Pubdate: Mon, 11 Apr 2005
Source: Decatur Daily (AL)
Copyright: 2005 The Decatur Daily
Author: Phillip Rawls, Associated Press
Bookmark: (Methamphetamine)


MONTGOMERY -- The Alabama Legislature may soon make it more difficult to 
buy your favorite cold medicine.

Former methamphetamine maker Todd Sasser hopes you won't mind the 
inconvenience. He says it's the best thing the Legislature could do to keep 
people from making the same mistakes he did.

Bills are pending in the House and Senate that would require key 
ingredients in methamphetamine -- the non-prescription decongestants 
ephedrine and pseudoephedrine -- to be put behind the counter in Alabama 
stores. Customers wanting the drugs would have to ask for them and would be 
limited in the amount they could buy.

"That would be wonderful," said Sasser, who now operates a faith-based drug 
rehabilitation program in Opp.

He said methamphetamine -- often called "crystal meth" or "meth" -- has 
reached epidemic proportions in Alabama, and the epidemic won't be stemmed 
until the ingredients become hard to get.

"You can go to Wal-Mart or a country convenience store to make crystal 
meth," he said.

Meth is not like marijuana or cocaine. The drug is not imported, and it is 
not sold through a network of dealers. Ingredients, such as matches, lye, 
and iodine, are purchased locally and they are cooked in people's kitchens 
or garages. The drug is shared by the makers and a few friends.

"There are no kingpins," said Mike O'Dell, district attorney for DeKalb and 
Cherokee counties in northeast Alabama. "We are dealing with mom and pop 
labs. They are all independent folks."

Law enforcement officers in the two counties found 130 meth labs last year 
- -- an average of more than two per week. Meth figured into almost all 
crimes in the counties last year because 90 percent of the people arrested 
for all felonies were meth dependent, O'Dell said.

In Covington County at the southern end of the state, law enforcement 
officers have found 186 labs during the last 41/2 years -- or about one 
every week and a half.

"We got lambasted by methamphetamine," District Attorney Greg Gambril said.

Last year, the Legislature responded to the epidemic by requiring stores to 
place 60 milligram tablets of pseudoephedrine behind the counter or in 
locked display cabinets.

This session, Sen. Lowell Barron, D-Fyffe, and Rep. Frank McDaniel, 
D-Albertville, want to go farther. They want to require all tablets where 
pseudoephedrine or ephedrine is the sole active ingredient -- such as some 
types of Sudafed -- to be put behind the counter or in locked display cabinets.

After July 1, purchasers would have to show an ID and sign for the purchase.

Tablets where ephedrine or pseudoephedrine is one of several active 
ingredients will either have to be placed behind the counter, in a locked 
case, or kept under constant video surveillance, with the surveillance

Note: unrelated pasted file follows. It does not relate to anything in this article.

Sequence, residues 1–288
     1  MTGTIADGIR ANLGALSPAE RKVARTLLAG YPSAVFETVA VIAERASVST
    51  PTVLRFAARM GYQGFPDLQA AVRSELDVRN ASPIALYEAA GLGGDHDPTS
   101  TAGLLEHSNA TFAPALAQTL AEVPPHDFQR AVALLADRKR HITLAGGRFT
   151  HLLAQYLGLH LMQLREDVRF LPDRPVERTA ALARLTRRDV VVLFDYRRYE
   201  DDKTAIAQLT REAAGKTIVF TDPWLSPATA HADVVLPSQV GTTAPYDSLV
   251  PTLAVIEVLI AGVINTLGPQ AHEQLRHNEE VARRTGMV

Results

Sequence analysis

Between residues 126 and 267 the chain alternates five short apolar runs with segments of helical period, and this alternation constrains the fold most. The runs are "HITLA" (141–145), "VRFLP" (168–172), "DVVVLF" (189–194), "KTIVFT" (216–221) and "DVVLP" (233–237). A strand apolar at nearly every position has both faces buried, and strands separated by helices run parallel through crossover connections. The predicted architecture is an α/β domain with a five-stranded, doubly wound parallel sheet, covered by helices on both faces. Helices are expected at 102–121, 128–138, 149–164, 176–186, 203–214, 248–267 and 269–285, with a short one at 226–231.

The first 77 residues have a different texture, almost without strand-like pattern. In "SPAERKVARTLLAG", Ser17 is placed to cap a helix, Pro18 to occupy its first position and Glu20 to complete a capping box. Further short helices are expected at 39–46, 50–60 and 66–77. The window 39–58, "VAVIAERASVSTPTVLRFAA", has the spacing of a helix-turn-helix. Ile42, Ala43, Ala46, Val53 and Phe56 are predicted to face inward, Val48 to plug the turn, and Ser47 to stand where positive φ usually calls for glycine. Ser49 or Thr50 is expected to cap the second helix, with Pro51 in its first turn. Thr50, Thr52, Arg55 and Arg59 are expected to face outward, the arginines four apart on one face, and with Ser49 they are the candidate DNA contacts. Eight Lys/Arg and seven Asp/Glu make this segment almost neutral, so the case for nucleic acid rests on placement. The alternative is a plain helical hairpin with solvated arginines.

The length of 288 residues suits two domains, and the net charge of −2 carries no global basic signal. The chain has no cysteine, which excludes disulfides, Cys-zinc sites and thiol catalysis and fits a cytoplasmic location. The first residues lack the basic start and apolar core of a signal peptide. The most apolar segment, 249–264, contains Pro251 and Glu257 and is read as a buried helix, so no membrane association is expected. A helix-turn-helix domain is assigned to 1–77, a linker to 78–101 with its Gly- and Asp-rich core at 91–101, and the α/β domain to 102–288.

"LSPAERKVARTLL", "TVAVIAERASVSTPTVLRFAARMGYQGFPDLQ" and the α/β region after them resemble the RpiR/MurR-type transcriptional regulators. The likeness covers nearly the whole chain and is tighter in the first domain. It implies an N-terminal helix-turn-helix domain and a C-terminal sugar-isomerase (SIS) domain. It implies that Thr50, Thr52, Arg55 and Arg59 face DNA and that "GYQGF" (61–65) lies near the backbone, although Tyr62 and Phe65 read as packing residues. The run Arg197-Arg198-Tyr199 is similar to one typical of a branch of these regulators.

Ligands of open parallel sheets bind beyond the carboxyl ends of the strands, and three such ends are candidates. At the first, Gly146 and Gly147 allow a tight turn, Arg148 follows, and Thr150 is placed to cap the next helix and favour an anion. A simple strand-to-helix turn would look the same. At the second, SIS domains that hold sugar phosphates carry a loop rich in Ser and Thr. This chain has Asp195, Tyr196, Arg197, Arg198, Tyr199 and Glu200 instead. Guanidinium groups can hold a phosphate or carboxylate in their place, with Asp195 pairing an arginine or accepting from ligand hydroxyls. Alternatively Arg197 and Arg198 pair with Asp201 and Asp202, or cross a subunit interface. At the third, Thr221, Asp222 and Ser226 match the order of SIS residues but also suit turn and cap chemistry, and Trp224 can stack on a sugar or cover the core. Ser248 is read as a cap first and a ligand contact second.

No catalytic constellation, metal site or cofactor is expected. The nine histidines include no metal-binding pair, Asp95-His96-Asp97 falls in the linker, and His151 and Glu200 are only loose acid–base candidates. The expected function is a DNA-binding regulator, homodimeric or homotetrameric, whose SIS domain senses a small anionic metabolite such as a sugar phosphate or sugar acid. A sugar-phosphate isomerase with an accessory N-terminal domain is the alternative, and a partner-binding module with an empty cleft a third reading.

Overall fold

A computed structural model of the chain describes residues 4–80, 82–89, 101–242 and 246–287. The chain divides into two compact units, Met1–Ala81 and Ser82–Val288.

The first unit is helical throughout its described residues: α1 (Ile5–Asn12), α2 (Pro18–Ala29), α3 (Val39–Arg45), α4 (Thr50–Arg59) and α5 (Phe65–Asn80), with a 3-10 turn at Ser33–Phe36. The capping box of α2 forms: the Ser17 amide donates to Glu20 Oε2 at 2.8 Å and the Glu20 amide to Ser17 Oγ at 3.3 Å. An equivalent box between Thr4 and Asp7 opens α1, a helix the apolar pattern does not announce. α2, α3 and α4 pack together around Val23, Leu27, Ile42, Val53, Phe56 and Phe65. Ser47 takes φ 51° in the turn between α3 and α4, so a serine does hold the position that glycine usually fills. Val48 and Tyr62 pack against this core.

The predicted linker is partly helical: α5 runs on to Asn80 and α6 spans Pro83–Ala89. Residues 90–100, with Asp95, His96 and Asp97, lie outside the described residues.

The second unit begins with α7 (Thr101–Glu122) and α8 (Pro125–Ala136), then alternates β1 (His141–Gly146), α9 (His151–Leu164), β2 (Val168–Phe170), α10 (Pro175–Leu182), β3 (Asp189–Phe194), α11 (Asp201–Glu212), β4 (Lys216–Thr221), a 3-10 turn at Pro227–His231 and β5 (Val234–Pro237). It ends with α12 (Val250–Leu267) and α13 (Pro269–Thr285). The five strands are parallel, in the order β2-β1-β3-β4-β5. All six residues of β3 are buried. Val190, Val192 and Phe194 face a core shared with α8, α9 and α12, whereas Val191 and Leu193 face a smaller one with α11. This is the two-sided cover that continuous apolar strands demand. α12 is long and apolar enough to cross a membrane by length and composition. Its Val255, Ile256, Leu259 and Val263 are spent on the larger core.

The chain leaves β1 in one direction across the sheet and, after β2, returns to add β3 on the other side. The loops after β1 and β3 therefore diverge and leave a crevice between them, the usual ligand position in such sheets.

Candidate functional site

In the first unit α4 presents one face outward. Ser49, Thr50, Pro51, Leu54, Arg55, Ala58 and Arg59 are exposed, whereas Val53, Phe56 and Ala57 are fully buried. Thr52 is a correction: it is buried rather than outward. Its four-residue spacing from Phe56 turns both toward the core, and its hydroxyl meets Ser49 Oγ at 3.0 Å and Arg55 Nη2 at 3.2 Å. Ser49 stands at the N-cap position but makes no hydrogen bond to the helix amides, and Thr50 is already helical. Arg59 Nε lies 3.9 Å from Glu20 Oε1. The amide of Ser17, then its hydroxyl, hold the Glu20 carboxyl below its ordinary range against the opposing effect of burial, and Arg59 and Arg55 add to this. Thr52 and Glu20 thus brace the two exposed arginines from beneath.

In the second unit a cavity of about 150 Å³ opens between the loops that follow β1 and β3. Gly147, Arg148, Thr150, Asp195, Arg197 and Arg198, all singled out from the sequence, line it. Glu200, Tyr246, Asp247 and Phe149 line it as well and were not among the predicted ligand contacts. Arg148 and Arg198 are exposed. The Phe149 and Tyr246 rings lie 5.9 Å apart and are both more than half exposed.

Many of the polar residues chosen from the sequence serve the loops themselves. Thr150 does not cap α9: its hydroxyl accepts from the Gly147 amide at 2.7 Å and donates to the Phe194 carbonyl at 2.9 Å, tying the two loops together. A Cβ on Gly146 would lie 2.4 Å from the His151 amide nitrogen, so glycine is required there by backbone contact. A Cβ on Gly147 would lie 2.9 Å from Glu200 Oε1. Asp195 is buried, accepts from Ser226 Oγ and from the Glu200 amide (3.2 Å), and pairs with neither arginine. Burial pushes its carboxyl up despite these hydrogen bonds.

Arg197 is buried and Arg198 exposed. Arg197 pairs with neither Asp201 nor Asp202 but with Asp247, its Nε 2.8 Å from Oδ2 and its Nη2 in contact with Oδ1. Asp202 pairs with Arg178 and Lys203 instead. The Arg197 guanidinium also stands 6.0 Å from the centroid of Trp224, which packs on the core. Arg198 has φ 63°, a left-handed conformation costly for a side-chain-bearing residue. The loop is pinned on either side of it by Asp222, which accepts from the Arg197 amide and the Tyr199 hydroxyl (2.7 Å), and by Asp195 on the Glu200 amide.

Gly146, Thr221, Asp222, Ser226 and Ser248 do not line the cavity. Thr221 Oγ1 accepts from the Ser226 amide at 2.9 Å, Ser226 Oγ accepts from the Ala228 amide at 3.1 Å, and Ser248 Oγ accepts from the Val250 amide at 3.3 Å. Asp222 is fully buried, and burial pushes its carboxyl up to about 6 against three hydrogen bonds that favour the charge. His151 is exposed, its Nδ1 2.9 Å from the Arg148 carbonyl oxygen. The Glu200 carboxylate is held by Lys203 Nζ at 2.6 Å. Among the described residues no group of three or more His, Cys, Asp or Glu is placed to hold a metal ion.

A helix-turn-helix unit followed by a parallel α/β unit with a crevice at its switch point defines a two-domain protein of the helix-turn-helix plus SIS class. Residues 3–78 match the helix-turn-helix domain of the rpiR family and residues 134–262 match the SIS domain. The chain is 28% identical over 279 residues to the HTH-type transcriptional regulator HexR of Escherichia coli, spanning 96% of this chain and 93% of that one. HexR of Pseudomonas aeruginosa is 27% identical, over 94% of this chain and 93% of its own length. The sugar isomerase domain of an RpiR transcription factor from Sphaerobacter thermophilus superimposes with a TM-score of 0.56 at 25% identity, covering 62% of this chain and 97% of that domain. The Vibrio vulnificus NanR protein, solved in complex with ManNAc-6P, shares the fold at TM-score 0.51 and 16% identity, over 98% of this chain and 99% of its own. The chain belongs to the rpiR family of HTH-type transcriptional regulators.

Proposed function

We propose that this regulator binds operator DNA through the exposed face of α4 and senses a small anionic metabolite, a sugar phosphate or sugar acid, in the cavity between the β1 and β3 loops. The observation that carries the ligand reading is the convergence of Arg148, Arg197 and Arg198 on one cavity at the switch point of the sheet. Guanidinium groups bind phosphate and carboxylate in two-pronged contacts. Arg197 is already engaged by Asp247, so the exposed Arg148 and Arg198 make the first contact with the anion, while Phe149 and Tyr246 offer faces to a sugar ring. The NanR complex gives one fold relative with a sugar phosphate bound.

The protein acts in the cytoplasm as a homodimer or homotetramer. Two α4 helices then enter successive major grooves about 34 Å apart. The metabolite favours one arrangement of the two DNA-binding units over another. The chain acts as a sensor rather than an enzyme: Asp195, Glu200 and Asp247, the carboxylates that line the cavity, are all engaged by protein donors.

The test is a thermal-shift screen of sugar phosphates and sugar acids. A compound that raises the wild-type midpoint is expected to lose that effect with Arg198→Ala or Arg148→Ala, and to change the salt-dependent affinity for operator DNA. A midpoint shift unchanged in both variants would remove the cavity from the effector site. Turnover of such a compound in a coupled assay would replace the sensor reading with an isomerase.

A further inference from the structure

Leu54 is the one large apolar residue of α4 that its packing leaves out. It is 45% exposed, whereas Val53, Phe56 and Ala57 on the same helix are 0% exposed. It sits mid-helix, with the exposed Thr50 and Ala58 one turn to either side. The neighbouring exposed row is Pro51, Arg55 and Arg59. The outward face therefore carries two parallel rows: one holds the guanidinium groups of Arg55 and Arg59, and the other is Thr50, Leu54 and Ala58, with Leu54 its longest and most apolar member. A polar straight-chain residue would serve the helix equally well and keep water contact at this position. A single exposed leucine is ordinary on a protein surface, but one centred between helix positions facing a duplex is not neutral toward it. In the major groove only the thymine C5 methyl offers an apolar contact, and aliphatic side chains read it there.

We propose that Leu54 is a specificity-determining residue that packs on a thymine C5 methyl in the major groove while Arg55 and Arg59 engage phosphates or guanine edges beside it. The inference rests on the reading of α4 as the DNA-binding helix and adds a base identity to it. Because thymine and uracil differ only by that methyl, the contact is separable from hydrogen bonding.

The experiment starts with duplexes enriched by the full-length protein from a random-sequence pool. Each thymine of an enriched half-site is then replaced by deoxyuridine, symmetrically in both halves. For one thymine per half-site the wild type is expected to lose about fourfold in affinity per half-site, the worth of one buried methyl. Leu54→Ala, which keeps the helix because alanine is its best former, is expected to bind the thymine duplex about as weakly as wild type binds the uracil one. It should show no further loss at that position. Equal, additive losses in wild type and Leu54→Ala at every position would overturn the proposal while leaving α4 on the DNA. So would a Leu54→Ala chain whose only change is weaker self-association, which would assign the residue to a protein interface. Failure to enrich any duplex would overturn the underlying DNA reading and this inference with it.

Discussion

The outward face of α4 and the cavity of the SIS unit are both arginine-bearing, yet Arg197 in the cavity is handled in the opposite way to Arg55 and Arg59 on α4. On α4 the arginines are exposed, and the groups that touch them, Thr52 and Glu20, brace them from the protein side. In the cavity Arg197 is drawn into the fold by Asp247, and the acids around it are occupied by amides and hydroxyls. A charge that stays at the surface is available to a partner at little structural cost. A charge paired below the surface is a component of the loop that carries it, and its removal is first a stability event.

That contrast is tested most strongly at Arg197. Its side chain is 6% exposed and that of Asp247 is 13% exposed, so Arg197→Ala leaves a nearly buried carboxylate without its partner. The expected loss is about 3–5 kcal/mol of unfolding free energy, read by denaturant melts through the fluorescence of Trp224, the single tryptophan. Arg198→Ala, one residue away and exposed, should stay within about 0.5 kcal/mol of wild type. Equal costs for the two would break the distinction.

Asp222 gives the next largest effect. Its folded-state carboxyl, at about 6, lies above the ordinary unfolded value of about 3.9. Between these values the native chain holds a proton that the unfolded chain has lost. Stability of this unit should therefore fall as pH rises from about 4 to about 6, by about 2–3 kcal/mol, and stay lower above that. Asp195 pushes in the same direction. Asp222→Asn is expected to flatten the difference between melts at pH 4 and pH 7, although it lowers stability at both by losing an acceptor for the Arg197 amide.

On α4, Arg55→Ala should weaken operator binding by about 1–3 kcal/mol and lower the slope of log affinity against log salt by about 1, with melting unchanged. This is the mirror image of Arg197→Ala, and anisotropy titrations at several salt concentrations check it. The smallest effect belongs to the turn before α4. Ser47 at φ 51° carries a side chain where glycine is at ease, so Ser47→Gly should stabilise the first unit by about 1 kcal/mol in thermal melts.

tapes maintained for a month.

Purchases would be limited to two packages.

"If you prevent the meth maker from getting the products or reduce their 
ability to get it, they can't make the drug," Gambril said.

Other states act

Alabama is not alone in considering such legislation. The legislatures in 
Kentucky, Mississippi, Missouri and Tennessee have already passed similar 
bills this year.

The Alabama legislation, like most other states, does not regulate liquid 
and gel capsules because meth makers aren't using them.

The Alabama legislation has bipartisan support, with Republican Attorney 
General Troy King saying the time has come for restrictions because meth 
"is ripping apart families. It is killing our people."

The Alabama Retail Association, which normally resists restrictions on 
merchants, is also backing the bills.

Spokeswoman Alison Wingate said the association understands the problems 
caused by meth and has worked with legislators and law enforcement groups 
to develop bills that will allow consumers to treat their colds while 
blocking large purchases by meth makers.

"We're trying to make it harder and slow it down," she said.

Protecting children

In addition to the bill restricting the purchases of decongestants, the 
House has passed and sent to the Senate a bill by Rep. Ron Johnson, 
R-Sylacauga, that would make it a crime to expose a child to a meth lab. 
Simple exposure could bring a sentence of one to 10 years. If the child 
were injured by the meth or by the toxic chemicals that are a byproduct of 
cooking meth, a person could get two to 20 years in prison.

Arkansas and Washington have already passed similar bills.

Currently when Alabama police raid a meth lab and find children present, 
the only option available to prosecutors is to bring child abuse charges. 
"Statutorily, it's very hard to prove," Gambril said.

O'Dell said the legislation is badly needed. "Eighty percent of our foster 
children are coming out of meth lab homes," he said.

Sasser, the former meth maker, estimates that children are exposed to about 
half of the state's meth labs. He bases that estimate on personal experience.

"I had two kids in my house, and I'd make them go to bed at 10 so I could 
cook dope," he said.
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MAP posted-by: Jay Bergstrom